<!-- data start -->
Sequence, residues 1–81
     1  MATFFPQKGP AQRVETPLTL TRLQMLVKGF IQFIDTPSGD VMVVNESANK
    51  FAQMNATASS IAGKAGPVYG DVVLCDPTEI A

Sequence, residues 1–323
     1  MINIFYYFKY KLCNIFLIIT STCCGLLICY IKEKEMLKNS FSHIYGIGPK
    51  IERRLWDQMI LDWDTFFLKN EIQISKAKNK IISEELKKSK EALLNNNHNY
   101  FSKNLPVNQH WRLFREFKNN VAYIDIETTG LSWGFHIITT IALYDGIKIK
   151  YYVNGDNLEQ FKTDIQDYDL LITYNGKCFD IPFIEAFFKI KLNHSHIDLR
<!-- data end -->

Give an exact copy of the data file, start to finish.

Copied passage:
Sequence, residues 1–81
     1  MATFFPQKGP AQRVETPLTL TRLQMLVKGF IQFIDTPSGD VMVVNESANK
    51  FAQMNATASS IAGKAGPVYG DVVLCDPTEI A

Sequence, residues 1–323
     1  MINIFYYFKY KLCNIFLIIT STCCGLLICY IKEKEMLKNS FSHIYGIGPK
    51  IERRLWDQMI LDWDTFFLKN EIQISKAKNK IISEELKKSK EALLNNNHNY
   101  FSKNLPVNQH WRLFREFKNN VAYIDIETTG LSWGFHIITT IALYDGIKIK
   151  YYVNGDNLEQ FKTDIQDYDL LITYNGKCFD IPFIEAFFKI KLNHSHIDLR